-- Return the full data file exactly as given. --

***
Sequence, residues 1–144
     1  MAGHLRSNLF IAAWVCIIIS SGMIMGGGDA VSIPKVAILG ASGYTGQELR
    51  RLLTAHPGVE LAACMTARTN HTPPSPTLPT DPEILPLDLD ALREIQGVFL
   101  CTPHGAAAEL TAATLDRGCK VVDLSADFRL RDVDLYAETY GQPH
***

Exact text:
Sequence, residues 1–144
     1  MAGHLRSNLF IAAWVCIIIS SGMIMGGGDA VSIPKVAILG ASGYTGQELR
    51  RLLTAHPGVE LAACMTARTN HTPPSPTLPT DPEILPLDLD ALREIQGVFL
   101  CTPHGAAAEL TAATLDRGCK VVDLSADFRL RDVDLYAETY GQPH